North Dakota and Montana Are Only Two States That Didn't Have to Deal with a FY 2010 Deficit
It isn't just California that is trying to cope with a large budget deficit.
Sure, California is getting the most press (and why not, California is a huge contributor to the GDP of the entire nation), but many other states are trying to clean up their own fiscal messes right now as well.
The reason for the sudden surge in states that are facing a shortfall in their budget for the coming year? A plunge in revenues.
Increased unemployment numbers means less personal income tax revenues. Decreased company profits means decreased corporate income tax revenues.
Why don't these states just borrow money like the federal government does?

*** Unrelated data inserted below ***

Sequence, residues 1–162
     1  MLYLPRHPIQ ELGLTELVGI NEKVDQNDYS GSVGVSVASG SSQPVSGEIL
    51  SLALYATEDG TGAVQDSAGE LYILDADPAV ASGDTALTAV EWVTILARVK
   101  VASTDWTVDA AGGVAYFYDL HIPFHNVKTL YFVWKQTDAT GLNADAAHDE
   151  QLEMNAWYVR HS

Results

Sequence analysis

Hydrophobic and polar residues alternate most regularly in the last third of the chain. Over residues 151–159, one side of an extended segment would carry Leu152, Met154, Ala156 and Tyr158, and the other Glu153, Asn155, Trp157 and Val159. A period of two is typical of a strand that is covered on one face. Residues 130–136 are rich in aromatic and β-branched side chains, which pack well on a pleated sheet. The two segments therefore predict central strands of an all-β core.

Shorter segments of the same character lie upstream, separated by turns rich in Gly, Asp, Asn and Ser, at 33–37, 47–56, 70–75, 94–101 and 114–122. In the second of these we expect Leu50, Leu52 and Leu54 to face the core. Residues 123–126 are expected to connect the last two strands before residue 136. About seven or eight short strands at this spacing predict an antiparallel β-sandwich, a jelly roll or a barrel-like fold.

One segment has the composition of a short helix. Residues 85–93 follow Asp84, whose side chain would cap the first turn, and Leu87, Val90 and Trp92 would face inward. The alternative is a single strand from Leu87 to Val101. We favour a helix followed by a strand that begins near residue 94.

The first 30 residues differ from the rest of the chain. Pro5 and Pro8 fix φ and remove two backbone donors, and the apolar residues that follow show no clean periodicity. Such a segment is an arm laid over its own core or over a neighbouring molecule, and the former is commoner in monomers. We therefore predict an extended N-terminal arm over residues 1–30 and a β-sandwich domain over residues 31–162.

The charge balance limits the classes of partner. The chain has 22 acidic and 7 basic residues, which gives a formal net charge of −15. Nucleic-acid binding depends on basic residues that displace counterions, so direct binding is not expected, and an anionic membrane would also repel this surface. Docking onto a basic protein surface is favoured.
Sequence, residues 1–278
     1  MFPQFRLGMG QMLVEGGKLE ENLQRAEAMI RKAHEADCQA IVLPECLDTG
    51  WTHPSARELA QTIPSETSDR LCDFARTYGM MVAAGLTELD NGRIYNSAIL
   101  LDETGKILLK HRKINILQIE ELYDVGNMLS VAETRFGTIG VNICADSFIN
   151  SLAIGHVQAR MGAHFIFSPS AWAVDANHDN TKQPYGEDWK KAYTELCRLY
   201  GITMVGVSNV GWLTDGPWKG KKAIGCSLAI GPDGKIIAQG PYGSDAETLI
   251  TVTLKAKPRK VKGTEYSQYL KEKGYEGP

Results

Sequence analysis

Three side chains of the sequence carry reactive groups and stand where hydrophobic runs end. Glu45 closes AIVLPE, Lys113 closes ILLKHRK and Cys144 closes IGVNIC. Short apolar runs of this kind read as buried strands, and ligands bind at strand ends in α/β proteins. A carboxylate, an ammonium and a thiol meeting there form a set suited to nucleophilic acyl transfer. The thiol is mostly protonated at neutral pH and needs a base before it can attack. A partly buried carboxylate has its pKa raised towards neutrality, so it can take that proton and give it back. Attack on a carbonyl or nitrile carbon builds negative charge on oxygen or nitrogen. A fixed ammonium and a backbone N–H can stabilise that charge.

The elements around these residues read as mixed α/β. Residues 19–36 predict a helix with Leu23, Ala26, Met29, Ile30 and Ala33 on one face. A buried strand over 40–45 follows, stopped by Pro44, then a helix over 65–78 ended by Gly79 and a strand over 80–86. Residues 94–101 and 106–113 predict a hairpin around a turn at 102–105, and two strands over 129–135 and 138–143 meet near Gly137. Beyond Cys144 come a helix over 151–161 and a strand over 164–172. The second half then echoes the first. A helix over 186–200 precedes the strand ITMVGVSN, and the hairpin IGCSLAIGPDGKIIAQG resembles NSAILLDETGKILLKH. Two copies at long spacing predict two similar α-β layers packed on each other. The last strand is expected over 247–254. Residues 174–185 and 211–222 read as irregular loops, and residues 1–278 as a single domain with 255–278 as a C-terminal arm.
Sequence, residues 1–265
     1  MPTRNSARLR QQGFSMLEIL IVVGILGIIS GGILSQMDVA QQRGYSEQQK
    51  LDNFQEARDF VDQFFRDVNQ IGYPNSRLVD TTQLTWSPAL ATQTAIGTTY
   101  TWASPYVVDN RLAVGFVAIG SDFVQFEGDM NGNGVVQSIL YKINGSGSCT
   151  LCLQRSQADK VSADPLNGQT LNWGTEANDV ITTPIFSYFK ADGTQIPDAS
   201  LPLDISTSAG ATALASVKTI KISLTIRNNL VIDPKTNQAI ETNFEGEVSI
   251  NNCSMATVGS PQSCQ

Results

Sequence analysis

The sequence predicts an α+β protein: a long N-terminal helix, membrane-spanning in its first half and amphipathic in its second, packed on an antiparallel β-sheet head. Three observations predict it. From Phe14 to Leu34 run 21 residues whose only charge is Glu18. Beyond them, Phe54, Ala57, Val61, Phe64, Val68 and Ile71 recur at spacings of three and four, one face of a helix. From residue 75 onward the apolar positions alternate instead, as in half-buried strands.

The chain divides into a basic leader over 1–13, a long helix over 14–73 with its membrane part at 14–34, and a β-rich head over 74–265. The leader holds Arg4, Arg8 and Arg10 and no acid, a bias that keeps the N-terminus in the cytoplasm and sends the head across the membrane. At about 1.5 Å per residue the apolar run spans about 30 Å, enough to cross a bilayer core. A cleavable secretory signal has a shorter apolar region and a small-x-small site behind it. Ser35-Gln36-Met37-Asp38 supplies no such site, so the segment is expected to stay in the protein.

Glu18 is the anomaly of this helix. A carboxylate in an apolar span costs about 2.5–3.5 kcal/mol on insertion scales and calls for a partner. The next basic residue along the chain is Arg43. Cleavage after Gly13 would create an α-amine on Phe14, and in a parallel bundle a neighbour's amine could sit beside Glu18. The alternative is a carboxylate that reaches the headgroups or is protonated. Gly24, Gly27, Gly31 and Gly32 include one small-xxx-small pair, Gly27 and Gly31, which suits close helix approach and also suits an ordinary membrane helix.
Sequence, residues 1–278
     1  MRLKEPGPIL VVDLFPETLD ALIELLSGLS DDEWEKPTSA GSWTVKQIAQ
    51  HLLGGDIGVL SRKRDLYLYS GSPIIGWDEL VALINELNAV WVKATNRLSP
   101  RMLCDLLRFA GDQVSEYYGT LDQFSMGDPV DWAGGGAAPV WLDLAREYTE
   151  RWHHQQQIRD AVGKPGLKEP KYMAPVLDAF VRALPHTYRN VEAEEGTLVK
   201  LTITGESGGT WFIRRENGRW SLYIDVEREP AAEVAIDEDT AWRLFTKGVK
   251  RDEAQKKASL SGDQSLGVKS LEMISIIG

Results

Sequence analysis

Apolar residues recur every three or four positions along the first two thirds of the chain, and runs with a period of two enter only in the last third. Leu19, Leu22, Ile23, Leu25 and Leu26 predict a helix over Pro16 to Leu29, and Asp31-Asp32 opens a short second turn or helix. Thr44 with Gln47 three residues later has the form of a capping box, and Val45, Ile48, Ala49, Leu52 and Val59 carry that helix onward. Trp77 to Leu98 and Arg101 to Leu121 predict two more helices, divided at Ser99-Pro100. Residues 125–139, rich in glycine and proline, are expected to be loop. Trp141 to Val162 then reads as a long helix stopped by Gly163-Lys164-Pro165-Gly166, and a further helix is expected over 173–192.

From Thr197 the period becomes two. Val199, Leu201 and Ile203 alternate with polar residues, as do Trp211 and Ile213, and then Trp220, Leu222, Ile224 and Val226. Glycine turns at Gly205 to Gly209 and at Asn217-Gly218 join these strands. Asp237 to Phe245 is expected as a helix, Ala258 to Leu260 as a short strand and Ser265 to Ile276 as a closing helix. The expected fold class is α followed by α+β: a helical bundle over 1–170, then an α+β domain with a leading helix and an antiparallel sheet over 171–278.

Well, most states are prohibited from doing so. Most states have rules that dictate that they must not run at a deficit.
This means that they can do one of three things to close their budget gap - raise taxes, cut spending or draw down from available reserves.
The Catch 22? Cutting spending and raising taxes doesn't exactly create an ideal environment for economic growth.
Anyways, a total of 48 states were facing a deficit for their upcoming budget year.
Some states, including California, have not yet addressed the shortfall.
In addition, "at least" 29 states are anticipating another deficit for the 2011 fiscal year.
If you had to guess, which two states do you think are NOT facing a deficit for the fiscal 2010 year?
The answer: North Dakota and Montana.
Not a surprise, especially when you consider that these two states currently have two of the lowest unemployment rates in the country.
Every other state in the United States is currently dealing with a budget shortfall.
Some of these states have been able to deal with the problem fairly easily, while others (such as California) have plenty of work to do.
Filed under: The Economic Meltdown